There are many kinds of terrorists in the world. And while the news media communicates the threat of those who, for the most part, are from other countries, the abused child’s entire physiology is often bound up in reactivity to the moods and behavior of a predator living in her or his own home. Though we can turn our TV’s off when up-to-the-minute news raises our anxiety, the abused child lives in a terror from which there is no escape, unless someone in that child’s world intervenes. This week, in this month that is both National Child Abuse Prevention and Sexual Assault Awareness Month, I’d like to introduce you to 12 exemplary projects around the country which are designed to promote awareness, touch the heart, give hope, and propel action.

Dr. Stephen Boos, medical director of Family Advocacy Center, part of Baystate Children’s Hospital in Springfield, Massachussettes, citing research that adds up to a staggering 4 million children being abused or neglected each year (http://www.masslive.com), expressed his concern for the plight of of these children, whether their abuse is emotional, physical, or sexual, and suggested his belief that in any community, three things need to be accomplished: raise resilient children; prevent child abuse of any type; and be sensitive to and able to identify any possible abuse circumstances as soon as possible, so as to end them and begin appropriate treatment.

 Many communities have developed programs that relate in one way or another to Dr. Boos’ suggestion. Here are 12 initiatives that are occurring in various places around the United States because of National Child Abuse Prevention Month:

1. Balloon Release. Family Advocacy Center of Hopkins County, Kentucky, began the month by releasing 36 blue balloons, in remembrance of the nine deaths and 27 near-deaths in their county, caused by child maltreatment.(www.surfky.com)

2. "Be the Change for Children" Campaign of the Children’s Advocacy Center of North and Northwest Cook County, Illinois began the month with a goal to raise funds through the collection of small change and to impact statistics and warning signs. They set out donation canisters at various venues around town and beside the canisters they have print-outs of a one-page child abuse information sheet for folks to pick up when they come by. (www.makechangeforchildren.com)

3. Blue Kite Campaign. Folks in Green Bay, Wisconsin, in an effort to raise money for family and childcare resources, are selling kite pin-ups at a variety of locations during the month of April. Dean Raasch, Family and Childcare Resources Board Member says: This year our goal again is to sell at least one blue kite for one suspected report of childhood abuse and neglect in our communities, which means we’ll be selling 4,631 kites in 2014 (www.wbay.com)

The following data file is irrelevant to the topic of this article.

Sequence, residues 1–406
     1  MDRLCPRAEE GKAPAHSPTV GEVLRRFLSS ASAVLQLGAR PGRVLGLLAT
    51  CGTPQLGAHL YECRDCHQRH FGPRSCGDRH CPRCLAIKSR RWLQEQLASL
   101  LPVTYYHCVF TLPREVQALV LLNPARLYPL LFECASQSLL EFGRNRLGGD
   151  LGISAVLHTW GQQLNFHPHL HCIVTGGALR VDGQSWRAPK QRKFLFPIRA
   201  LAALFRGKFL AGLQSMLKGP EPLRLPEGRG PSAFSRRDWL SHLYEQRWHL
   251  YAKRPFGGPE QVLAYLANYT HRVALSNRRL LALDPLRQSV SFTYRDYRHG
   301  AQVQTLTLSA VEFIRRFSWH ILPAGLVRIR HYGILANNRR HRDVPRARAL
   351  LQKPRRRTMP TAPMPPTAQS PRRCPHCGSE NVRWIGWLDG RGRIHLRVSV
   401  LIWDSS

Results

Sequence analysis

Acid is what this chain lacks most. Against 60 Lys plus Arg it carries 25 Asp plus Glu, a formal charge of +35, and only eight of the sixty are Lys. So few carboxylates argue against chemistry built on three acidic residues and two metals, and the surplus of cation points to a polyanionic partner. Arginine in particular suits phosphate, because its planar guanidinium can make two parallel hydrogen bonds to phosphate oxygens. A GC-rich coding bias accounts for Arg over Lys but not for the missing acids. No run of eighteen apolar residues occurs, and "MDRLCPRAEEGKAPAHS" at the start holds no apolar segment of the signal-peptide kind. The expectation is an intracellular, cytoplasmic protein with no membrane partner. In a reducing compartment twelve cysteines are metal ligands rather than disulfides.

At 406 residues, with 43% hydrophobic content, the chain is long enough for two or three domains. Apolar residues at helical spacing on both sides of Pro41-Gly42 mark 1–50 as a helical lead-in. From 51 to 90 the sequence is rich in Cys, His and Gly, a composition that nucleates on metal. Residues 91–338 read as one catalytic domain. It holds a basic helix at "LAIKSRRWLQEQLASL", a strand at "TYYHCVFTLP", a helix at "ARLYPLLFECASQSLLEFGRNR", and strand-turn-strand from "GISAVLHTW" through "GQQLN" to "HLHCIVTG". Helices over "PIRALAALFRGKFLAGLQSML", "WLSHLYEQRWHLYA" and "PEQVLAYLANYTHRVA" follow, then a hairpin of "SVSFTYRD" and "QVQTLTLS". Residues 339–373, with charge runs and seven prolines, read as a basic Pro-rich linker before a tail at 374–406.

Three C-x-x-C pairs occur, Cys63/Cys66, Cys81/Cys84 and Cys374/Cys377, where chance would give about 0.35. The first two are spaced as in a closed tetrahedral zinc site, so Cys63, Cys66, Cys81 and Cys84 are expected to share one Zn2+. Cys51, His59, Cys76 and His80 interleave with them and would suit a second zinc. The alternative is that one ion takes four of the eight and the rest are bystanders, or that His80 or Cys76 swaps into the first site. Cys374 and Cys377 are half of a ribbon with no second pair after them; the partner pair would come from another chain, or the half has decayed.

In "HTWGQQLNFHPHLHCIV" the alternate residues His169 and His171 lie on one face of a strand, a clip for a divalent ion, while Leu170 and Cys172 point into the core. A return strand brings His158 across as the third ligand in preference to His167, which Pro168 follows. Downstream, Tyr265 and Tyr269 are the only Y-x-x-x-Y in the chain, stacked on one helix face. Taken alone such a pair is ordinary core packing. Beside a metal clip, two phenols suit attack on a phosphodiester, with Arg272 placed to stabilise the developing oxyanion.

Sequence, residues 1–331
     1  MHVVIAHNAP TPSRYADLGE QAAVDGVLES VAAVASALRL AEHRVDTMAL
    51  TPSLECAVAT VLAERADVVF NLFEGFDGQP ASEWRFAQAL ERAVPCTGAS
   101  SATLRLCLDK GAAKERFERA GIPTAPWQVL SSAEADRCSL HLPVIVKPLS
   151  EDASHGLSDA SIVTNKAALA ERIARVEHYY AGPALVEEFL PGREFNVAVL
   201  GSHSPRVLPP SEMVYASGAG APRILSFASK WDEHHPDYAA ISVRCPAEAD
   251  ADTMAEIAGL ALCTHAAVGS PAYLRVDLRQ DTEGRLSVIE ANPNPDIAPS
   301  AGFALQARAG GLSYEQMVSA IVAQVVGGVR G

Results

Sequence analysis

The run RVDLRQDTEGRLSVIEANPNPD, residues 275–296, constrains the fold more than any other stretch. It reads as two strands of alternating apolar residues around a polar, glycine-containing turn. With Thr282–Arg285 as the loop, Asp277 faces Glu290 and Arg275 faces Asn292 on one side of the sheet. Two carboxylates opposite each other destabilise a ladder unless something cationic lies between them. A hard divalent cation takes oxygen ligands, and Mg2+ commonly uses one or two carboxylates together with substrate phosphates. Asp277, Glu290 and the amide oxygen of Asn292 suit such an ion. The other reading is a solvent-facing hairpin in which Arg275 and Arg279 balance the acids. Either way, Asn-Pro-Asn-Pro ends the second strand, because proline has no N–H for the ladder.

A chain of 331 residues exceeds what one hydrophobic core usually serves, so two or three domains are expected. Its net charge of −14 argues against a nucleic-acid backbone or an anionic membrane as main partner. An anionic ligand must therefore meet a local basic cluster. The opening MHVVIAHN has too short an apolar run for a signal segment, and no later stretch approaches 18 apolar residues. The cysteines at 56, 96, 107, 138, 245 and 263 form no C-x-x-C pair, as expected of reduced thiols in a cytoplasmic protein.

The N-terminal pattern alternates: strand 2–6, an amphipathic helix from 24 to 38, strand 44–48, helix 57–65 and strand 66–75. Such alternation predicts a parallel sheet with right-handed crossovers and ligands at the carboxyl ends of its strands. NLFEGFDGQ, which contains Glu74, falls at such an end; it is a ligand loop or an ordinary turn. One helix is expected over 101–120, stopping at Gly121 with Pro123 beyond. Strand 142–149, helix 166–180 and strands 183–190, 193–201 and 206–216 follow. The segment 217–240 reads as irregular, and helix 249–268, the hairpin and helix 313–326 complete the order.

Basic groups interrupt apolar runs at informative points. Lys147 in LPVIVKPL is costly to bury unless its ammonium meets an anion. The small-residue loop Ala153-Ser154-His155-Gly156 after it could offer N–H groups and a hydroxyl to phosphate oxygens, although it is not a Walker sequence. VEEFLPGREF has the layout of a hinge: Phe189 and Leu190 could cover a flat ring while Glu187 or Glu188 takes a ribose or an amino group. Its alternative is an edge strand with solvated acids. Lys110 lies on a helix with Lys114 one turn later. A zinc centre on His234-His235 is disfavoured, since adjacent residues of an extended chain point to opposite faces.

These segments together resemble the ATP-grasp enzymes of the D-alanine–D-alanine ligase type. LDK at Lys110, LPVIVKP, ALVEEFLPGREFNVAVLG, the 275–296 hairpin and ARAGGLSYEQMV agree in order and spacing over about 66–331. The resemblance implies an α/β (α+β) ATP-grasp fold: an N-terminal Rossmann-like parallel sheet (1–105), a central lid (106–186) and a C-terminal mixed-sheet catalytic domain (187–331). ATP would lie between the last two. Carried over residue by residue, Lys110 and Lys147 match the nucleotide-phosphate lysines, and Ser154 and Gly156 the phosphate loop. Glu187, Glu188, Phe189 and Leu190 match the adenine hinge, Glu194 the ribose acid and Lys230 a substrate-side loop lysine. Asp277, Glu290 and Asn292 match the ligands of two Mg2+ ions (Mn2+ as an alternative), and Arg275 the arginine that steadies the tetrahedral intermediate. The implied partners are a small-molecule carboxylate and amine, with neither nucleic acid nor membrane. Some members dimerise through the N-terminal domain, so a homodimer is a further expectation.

4 Blue Ribbon Campaign. The blue ribbon became the symbol of child abuse prevention when a Virginia grandmother tied a blue ribbon to the antenna of her van after her grandson was fatally abused, as a signal to her community of her commitment to involve everyone. Her action – the action of one person, has evolved into a national campaign, with millions of blue ribbons across the country every April to demonstrate a commitment to preventing child abuse and protecting all children. I found reports that folks in Ashville, NC began the month of April wearing blue ribbons pinned to their clothes, and that in Mendocinno, Calif. the police and fire departments and the Sheriff’s Department all placed a blue ribbon on their department vehicles. (www.wfos.com )

5. Blue to Better Campaign. This campaign, in Coos Bay, Oregon, includes wearing blue bracelets and stringing blue lights around all the local businesses in a effort to spark conversation. Why? Because, as Jessica Lowry from the Children’s Hope Center says, “Child abuse is one of those topics that nobody seems to want to talk about. It’s not comfortable, and so we really want to shed light on the issues of our community.” (www.kcby.com)

6.Champions for Children Breakfast.  Held in Athens, Ohio this event is one where elected officials, organizations, agencies, and individuals are recognized for their efforts in advocating, protecting, and supporting the needs and well-being of children.(www.athensohiotoday.com)

7. "Don't Shake" This special program is designed for working with high school children to educate students about shaken baby syndrome. The school purchases special dolls that show the brain of a baby and show how little shaking is actually needed to cause damage. “It does take a community to prevent child abuse; they are all our children,” said Helen Lehman, Administer for Hocking/Ross/Vinton County Children’s Services in Ohio, where the program has been implemented. (www.ccao.org).